With the arrival of the brilliant actors and several rounds of whisky, the meeting got animated. There in a corner, hunched and alone, a glass of Coca-Cola shaking in her trembling hands, eyes wide and visibly frightened, was the little actress who had caught my attention on stage earlier [due to the simple and just manner which she represented her character]. (...) I complimented her on her acting that night and tried to cheer her up with some happy words. She was having none of it. She tried to force a smile, but couldn't. Her lips moved up into a little grimace while her eyes stared at me, frightened.  In order to not prolong her martyrdom,  I thought it better to abandon the "mission". And so I did, without hearing a single word issue from her mouth.

Mesquita's portrayal of Cacilda is notable for what he says and for what he leaves between the lines. A member of the powerful Mesquita family which owned the Estado de S. Paulo newspaper, Alfredo had been socialized in the world of the Paulista elite and had what we might call "savoir faire" in abundance. In sociological terms, he had an internalized habitus regarding the ways in which bodies were displayed, perceived and critiqued. In his first encounter with Cacilda (whom he would later befriend and greatly admire), he painted a portrait of the young actresses' initial "fragilities" without reservations and with the condescension of those who are very socially secure. We thus get a portrait of how she appeared at the time, long before she was celebrated as the "leading actress" of the Brazilian Comedy Theater (TBC) in 1950 or became the "elegant woman" of the 1960s. Here she is portrayed as lacking beauty and the social graces. Each of these "absences" on their own would probably not be enough to catch Alfredo's attention. If actresses such as Laura Suarez (a dancehall girl of the times) and Bibi Ferreira could smoothly switch from Portuguese to French and then onto English, the same could not be said of most of their professional contemporaries who, unlike amateur actresses, mostly came from poor or lower middle-class families, had little formal education and who had often cut their acting teeth in burlesque. But if their origins were "low", the "greatest" of these women could compensate for their social flaws with come particular physical triumph, such as the famous beauty of Tônia Carrero and Maria Della Costa.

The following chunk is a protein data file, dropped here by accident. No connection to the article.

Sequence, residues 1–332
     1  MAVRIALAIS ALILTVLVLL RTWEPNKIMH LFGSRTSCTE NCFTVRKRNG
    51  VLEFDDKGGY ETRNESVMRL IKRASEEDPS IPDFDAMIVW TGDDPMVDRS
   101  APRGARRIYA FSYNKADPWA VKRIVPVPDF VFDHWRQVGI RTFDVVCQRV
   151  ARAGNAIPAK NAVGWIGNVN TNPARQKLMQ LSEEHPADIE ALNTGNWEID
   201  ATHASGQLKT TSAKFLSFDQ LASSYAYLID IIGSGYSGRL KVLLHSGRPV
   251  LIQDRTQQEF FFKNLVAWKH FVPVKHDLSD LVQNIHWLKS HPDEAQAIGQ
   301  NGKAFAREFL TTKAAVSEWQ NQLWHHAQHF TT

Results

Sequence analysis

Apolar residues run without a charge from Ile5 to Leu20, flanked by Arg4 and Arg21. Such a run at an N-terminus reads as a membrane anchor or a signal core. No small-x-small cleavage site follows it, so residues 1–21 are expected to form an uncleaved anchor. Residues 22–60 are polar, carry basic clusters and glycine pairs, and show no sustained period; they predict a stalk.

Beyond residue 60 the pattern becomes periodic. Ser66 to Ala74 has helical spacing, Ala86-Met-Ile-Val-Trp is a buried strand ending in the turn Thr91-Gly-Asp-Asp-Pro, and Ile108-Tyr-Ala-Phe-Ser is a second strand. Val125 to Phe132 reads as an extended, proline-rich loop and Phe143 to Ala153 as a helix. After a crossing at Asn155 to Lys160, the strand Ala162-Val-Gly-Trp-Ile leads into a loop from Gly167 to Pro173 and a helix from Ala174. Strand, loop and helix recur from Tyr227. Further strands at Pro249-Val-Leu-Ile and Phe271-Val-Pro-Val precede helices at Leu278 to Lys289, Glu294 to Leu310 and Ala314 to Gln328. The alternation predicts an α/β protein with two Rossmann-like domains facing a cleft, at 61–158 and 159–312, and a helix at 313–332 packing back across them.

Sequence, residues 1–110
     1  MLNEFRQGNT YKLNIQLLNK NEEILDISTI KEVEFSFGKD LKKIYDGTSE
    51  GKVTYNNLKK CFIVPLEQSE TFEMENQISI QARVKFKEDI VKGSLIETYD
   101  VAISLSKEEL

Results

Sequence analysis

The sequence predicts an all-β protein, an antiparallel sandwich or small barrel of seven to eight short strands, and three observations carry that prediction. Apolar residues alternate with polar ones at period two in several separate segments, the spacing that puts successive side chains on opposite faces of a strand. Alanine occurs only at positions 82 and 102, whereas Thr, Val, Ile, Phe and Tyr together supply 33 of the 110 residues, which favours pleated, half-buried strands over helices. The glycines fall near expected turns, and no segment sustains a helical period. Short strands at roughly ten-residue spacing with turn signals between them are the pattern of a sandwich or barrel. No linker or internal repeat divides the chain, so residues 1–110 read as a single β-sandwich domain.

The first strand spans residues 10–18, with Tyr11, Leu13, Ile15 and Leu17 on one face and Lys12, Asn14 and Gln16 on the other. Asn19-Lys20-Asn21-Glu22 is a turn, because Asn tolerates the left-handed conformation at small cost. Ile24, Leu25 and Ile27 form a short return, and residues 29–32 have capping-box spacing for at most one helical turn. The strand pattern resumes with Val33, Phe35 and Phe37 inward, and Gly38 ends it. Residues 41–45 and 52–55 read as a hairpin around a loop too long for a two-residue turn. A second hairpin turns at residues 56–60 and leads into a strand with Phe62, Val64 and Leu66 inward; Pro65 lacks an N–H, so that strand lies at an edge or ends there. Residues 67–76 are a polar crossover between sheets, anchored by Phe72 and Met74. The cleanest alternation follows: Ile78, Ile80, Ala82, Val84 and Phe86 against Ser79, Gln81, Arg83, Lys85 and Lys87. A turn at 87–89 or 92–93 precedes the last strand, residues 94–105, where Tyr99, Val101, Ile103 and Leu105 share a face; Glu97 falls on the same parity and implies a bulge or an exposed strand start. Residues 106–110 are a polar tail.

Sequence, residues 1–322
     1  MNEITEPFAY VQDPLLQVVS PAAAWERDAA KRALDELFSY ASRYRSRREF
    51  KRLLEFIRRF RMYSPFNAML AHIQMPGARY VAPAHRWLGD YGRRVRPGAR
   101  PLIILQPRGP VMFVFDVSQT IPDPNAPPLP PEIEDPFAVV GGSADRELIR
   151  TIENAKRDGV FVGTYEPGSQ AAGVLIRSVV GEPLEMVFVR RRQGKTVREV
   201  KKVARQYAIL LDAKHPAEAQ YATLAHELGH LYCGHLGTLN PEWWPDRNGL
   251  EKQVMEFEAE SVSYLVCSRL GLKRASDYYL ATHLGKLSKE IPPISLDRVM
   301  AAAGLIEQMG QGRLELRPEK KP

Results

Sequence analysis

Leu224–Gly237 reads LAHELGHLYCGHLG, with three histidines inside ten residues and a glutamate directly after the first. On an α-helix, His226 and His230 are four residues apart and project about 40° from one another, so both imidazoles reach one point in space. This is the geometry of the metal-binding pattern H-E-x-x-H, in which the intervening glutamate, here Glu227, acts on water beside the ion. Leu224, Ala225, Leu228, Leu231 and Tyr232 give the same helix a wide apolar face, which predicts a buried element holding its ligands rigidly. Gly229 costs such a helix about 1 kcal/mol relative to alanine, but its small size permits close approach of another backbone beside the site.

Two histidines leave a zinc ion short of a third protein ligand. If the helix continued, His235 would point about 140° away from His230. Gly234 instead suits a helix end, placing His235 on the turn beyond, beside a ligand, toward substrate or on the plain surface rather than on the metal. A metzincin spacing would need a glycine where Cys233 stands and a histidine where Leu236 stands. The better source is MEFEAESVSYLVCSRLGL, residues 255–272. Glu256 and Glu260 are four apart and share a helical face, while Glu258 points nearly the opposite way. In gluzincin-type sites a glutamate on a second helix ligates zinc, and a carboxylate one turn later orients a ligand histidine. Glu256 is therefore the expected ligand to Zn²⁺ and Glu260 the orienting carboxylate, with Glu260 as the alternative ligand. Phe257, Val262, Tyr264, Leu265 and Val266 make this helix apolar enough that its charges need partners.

Not as beautiful as Maria Della Costa – with her blue eyes, thin nose, abundant blonde hair and the tall elegance of a local Catherine Deneuve – Cacilda shared Maria's humble social origins. If professional insertion in the theater allowed her to accomplish a series of important conquests, it still didn't wipe out the stigma of poverty and the feelings of humiliation which she had experienced in her childhood and adolescence. Access to social circles which would normally be impenetrable to someone of her social origins, brought about by a successful theater career, the acquisition material and symbolic goods (most importantly her "own name"), a series of striking love affairs (with Tito Fleury, her first husband and, for a time, a professional actor; with Italian director Adolfo Celi; and, finally, with actor and director Walmor Chagas, with whom she'd found her own company, the Cacilda Becker Theater (TCB), after leaving the TBC in 1957) and, above all, recognition as the greatest actress of the day were all essential to changing Cacilda's public and self image. But none of this erased the tumultuous and painful sentiments which had been created by her earlier poverty and which wound themselves into her in a distinct form of bodily héxis exhibited by the socially excluded. In Cacilda's case, this was dominated by the sovereignty and development typical of a great actress who steels her body to transmit various sorts of experiences, often far removed from her personal or family experiences, and who can dominate theatrical conventions to the point where she gives feelings a plethora of new and unexpected meanings, not through an act of intellectual will, but principally by embodying them. In this "incorporation" of life experiences, actors and actresses fly in the face of social conventions of class, gender and age, impressing verisimilitude upon the characters they portray. These are renewed by that electric voltage, that "nervous spark", which the public recognizes when it sees it onstage, even though few writers (Décio de Almeida Prado being one) can precisely translate into words.